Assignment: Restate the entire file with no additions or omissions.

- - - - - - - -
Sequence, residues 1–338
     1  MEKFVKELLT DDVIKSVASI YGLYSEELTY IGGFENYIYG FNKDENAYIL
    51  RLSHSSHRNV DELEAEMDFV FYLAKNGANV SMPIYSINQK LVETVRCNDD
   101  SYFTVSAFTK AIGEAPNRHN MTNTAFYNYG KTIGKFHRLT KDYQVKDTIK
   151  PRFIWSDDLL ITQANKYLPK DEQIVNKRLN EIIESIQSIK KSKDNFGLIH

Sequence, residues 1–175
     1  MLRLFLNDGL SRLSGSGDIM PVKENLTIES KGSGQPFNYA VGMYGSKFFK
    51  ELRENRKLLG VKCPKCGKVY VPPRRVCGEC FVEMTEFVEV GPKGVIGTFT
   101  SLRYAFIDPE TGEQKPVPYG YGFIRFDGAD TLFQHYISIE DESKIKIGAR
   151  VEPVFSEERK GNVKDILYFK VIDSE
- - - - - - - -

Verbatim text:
Sequence, residues 1–338
     1  MEKFVKELLT DDVIKSVASI YGLYSEELTY IGGFENYIYG FNKDENAYIL
    51  RLSHSSHRNV DELEAEMDFV FYLAKNGANV SMPIYSINQK LVETVRCNDD
   101  SYFTVSAFTK AIGEAPNRHN MTNTAFYNYG KTIGKFHRLT KDYQVKDTIK
   151  PRFIWSDDLL ITQANKYLPK DEQIVNKRLN EIIESIQSIK KSKDNFGLIH

Sequence, residues 1–175
     1  MLRLFLNDGL SRLSGSGDIM PVKENLTIES KGSGQPFNYA VGMYGSKFFK
    51  ELRENRKLLG VKCPKCGKVY VPPRRVCGEC FVEMTEFVEV GPKGVIGTFT
   101  SLRYAFIDPE TGEQKPVPYG YGFIRFDGAD TLFQHYISIE DESKIKIGAR
   151  VEPVFSEERK GNVKDILYFK VIDSE